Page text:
“I’m on page 47 of 215 of Doctor Rat: I’m honestly not sure how much more of this book I can take. The purpose is clear, but the presentation is disturbing, as it’s obviously meant to be. Not what I’m looking for in my entertainment.”
When I finished typing that update, I realized that I was putting myself through this book for no good reason. I’m already against animal testing and for animal rights. It’s possible that this book might have something to teach me, but whatever that lesson might be isn’t worth the discomfort suffered to get there, and that would be nothing next to the discomfort of some of the creatures in this book.
When I started Doctor Rat, I was aware that it was going to be an uncomfortable read. Written in the 1970s when all of the nasty secrets of animal testing were first coming to light and before there was much in the way of legislation or even social conscience in the area of animal rights. Going in, I understood the book to be pointed satire, a blazing light on the horrific practices in laboratories across the western world.
And maybe I should have taken a hint at that point, before I started reading. Horrific is absolutely the right word, but it’s only a place to start. Much of the story is told from the point of view of the titular character, Doctor Rat, a long-term survivor of experimentation and firmly in the corner of the so-called scientists as they work to further “knowledge”. The good doctor extols the virtues of the methods used and the various inhumane acts of violence, vivisection, and torture performed on rats, dogs, and other animals.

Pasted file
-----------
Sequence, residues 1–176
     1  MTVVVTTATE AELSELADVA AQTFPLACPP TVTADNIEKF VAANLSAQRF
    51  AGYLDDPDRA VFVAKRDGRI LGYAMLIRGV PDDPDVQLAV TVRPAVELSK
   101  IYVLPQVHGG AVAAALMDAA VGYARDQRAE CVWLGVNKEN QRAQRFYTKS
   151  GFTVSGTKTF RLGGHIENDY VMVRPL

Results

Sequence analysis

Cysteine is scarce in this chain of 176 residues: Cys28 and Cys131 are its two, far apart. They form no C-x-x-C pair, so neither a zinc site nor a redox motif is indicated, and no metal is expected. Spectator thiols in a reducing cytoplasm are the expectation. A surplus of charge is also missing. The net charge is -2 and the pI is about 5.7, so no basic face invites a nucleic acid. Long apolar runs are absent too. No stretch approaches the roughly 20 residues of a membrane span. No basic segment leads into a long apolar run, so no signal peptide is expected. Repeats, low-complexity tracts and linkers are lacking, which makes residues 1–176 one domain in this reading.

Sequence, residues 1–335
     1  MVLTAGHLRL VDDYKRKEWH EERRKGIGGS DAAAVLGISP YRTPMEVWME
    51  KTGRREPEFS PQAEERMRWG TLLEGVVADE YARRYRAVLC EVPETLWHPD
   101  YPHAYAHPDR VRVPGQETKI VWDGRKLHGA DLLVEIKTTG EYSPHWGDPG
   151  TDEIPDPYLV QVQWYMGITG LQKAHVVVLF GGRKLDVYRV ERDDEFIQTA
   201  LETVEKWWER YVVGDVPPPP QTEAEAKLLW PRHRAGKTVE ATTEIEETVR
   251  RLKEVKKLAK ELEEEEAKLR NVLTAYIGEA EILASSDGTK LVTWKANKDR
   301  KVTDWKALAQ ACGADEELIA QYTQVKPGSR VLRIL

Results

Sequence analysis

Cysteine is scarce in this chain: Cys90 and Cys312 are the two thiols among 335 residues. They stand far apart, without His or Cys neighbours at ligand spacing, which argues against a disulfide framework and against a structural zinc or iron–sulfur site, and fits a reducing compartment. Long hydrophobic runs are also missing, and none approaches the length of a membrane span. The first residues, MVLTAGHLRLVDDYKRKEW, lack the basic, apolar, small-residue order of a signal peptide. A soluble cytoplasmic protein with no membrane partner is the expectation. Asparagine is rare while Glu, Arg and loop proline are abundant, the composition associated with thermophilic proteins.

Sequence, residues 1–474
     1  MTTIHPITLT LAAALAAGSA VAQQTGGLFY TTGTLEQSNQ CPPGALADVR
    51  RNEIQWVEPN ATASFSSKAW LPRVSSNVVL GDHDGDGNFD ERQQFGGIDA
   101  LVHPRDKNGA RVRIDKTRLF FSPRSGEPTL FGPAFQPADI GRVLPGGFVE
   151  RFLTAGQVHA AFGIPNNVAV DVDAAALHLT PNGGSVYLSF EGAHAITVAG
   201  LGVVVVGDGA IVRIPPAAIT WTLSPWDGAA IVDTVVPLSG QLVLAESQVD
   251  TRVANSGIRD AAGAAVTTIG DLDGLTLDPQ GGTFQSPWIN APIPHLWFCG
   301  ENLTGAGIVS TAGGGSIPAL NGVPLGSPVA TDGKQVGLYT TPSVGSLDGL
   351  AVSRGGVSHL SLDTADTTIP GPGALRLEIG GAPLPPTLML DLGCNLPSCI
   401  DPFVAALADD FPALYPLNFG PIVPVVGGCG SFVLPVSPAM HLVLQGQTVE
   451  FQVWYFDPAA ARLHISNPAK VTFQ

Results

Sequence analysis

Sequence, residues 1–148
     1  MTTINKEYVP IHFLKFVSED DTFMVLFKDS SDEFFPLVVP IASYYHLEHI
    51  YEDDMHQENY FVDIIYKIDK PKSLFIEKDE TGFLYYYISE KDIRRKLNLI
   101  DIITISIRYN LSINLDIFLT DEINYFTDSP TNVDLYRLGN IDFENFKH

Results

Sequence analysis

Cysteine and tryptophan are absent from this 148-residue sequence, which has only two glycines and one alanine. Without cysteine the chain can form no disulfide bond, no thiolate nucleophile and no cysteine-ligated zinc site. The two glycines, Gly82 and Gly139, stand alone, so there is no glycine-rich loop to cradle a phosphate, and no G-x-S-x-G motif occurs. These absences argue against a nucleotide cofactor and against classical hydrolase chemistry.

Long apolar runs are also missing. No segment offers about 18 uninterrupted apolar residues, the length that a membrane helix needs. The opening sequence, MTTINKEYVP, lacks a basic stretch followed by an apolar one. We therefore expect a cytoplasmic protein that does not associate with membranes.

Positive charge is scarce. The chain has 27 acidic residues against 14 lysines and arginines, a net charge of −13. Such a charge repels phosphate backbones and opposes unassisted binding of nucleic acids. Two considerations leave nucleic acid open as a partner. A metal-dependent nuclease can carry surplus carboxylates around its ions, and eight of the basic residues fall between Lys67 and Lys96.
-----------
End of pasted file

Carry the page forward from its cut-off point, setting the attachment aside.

In the meantime, there’s a kind of animal revolution going on in the outside world, somehow sparked by the dogs.
Overall rating: 1 star. Even if it wasn’t a DNF, I can’t see pushing the rating higher. There’s not a single comfortable moment in the scenes narrated by Doctor Rat. And while there’s not supposed to be, this isn’t what I’m looking for in my entertainment. Make me think, make me question, make me work to understand new or different ideas. But I’m not looking to be disturbed and I’m not looking for nightmares. If I’d finished the book, those might have been on the way.
I had to remind myself that this came from the same author who just a few years later would write the novelization of E.T., otherwise there probably wouldn’t be any chance of my picking up anything by Mr. Kotzwinkle again.by